Not only is it liberating to be OK with being “OK”; it’s actually essential to the growth and flourishing.
Know when good enough is enough
I’ve felt close to burnout many times in my life and overcoming my own perfectionism has helped me to keep going when everything feels too much.
In many cases, the small details I’m worrying about don’t make any difference to my clients, and forcing myself to complete a job within a fixed timeframe has proven that the end result is not noticeably worse than if I’d slaved away at it for days.
This shift in mentality takes some getting used to; after all, your work will no longer be perfect. But learning how to recognize when it’s good enough is one of the best things I ever did for my business.
The principle of Good Enough suggests that you should identify the point past which putting more resources into something won’t improve it in a meaningful manner, so you should finish with it and move on.
Essentially, this means that you should embrace the idea that Good Enough is Good Enough, instead of wasting valuable resources such as time, money, and effort—by pouring them into a place where they won’t make a meaningful difference.
For example, if you’re revising a paper that you wrote, there will be a point where it’s already good enough that going over it again won’t make a meaningful difference in its quality, so you’ll simply be wasting your time by doing so, time which you can instead spend on more valuable activities.
The principle of Good Enough can be useful in a variety of situations, particularly when it comes to boosting your personal productivity, so it’s worthwhile to understand it. As such, in the following article you will learn more about this principle, and see how you can implement it as effectively as possible.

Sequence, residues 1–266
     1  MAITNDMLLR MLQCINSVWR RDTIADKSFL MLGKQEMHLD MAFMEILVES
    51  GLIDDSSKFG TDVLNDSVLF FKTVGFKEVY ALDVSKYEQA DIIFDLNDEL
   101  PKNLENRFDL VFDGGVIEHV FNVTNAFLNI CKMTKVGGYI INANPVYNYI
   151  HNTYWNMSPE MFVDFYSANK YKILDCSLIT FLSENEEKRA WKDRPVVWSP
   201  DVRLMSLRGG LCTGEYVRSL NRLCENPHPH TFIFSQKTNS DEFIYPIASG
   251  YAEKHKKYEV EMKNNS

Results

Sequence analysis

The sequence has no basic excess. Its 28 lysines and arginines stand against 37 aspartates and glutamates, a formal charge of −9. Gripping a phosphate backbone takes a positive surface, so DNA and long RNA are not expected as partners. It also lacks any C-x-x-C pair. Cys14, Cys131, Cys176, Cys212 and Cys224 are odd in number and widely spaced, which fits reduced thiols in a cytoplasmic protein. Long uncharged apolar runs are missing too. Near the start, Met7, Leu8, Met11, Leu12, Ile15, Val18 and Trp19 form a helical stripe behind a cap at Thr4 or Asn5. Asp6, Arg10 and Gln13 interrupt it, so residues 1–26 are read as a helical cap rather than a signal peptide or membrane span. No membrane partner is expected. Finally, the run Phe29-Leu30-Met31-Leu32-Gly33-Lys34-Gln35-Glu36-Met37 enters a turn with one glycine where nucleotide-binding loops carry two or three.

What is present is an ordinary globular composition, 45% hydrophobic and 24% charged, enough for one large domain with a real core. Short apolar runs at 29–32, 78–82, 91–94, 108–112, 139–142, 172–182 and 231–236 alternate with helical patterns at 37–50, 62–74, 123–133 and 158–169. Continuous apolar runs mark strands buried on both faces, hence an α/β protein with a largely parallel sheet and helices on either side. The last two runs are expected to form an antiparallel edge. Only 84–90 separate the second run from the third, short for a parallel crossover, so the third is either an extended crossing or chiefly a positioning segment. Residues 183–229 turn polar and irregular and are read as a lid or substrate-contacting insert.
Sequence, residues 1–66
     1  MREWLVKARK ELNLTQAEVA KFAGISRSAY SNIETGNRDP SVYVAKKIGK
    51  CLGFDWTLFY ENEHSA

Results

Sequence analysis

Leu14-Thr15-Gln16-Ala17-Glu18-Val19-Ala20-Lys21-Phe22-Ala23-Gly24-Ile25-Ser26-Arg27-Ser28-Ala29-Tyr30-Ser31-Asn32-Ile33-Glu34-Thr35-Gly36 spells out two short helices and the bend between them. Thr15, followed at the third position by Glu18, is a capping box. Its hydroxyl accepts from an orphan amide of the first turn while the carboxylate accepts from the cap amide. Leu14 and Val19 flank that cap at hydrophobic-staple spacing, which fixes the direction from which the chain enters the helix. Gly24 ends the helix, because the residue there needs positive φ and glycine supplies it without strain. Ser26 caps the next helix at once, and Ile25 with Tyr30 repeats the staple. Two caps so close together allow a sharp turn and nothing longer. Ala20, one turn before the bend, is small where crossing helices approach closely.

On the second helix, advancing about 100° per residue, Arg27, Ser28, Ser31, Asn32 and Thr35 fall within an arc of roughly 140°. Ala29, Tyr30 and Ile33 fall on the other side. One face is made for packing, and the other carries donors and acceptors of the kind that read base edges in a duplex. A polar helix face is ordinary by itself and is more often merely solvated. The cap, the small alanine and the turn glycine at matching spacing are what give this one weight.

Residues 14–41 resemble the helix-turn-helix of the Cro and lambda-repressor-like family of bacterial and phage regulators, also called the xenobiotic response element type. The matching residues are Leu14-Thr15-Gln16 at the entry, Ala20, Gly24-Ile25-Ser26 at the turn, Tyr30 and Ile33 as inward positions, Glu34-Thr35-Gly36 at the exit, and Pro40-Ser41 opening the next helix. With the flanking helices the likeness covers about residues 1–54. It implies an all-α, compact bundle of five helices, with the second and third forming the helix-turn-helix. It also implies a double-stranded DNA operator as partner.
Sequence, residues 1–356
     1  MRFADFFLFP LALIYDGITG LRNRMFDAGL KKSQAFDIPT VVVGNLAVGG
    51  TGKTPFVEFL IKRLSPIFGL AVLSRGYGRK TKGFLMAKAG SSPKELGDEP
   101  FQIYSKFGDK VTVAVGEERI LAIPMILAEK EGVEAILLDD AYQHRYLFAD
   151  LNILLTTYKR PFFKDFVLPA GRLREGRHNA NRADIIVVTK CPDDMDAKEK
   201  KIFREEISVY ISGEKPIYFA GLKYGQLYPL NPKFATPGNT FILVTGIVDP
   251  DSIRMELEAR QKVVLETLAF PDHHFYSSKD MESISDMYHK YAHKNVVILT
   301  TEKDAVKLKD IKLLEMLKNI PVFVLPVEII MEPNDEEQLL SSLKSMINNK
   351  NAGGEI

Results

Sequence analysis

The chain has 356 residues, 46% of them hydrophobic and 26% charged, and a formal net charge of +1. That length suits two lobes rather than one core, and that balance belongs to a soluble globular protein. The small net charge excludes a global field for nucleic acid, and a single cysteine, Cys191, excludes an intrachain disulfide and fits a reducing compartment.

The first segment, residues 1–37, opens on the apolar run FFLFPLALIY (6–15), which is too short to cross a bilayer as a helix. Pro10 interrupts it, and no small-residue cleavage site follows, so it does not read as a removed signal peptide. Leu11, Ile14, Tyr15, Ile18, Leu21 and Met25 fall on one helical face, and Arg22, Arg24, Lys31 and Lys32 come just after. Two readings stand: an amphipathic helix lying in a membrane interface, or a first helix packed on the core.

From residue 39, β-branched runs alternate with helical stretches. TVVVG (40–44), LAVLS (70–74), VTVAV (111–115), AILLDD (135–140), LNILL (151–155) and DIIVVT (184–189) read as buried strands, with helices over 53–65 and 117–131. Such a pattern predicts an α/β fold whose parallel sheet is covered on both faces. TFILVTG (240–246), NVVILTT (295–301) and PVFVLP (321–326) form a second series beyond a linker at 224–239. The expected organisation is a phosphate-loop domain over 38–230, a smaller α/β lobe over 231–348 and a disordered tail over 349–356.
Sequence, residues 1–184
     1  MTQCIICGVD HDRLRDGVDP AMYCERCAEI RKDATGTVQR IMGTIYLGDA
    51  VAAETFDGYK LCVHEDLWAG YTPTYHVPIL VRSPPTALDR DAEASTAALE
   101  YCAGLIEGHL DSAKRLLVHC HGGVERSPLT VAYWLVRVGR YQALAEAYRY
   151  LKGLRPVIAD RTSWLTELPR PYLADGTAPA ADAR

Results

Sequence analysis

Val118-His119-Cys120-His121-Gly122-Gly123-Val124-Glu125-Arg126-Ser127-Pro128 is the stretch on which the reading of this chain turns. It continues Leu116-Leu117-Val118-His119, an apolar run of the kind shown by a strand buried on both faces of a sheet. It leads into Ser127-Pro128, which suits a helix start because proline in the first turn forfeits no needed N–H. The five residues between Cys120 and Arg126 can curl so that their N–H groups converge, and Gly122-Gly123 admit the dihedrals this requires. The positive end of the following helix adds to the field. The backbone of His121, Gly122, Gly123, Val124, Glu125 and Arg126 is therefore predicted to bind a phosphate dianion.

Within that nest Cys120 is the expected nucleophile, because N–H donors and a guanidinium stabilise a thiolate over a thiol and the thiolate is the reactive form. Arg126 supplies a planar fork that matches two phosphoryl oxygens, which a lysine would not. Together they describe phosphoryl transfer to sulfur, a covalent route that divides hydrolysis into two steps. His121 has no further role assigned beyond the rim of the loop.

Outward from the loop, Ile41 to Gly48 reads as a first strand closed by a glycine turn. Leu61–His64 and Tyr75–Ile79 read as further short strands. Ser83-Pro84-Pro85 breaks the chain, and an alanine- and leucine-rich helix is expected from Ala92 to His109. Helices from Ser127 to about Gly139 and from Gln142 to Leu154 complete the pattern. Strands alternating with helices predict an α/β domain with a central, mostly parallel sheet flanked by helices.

Tara Mohr, author of Playing Big, reminds us that we do not have to incorporate every piece of feedback and criticism into our future work, but should instead consider who it came from, how important it is to serve that person’s needs, and at what point those needs might become fundamentally incompatible with our own. One of the lessons I’ve learned is that this same principle can be applied to our own inner critic, which can sometimes stand in the way of simply getting a job done.
“If you look for perfection, you’ll never be content.” — Leo Tolstoy
If you know that you generally struggle with letting go once you reach the ‘Good Enough’ point, you can decide to set hard deadlines in advance, before you start your work, based on your prior experience. (Hard (or fixed) deadlines cannot be modified, whereas soft (or flexible) deadlines can sometimes be modified)
Deciding how much time you’re willing to dedicate, in terms of total hours.
Deciding on a date by which you have to be completed.
Most importantly, you should remember that there is always a cost to doing extra work, whether it’s in terms of time, money, effort, or some other resource. When this cost isn’t worth it, that’s the point where you should stop working, and move on to the next thing that you need to do.
Overall, the key to implementing the principle of Good Enough is to identify what your good enough point is, and then stop once you get there. The standard for what good enough means for you can be as low or as high as necessary; the important thing is to set this standard using a proper reasoning process.
Note: One thing that can help you implement this 'Good Enough' principle in practice, is reminding yourself, where appropriate, that ‘done’ can be far better than ‘perfect’.
The essence is to choose good enough over perfect. Being 'Good Enough' in everything you do is better than being exceptional in only a few things while poor in others. Getting something completed is better than never finishing anything at all.
Tammy P Drummond-Rowland, RN HN
Nurse Coach & Wellness Advocate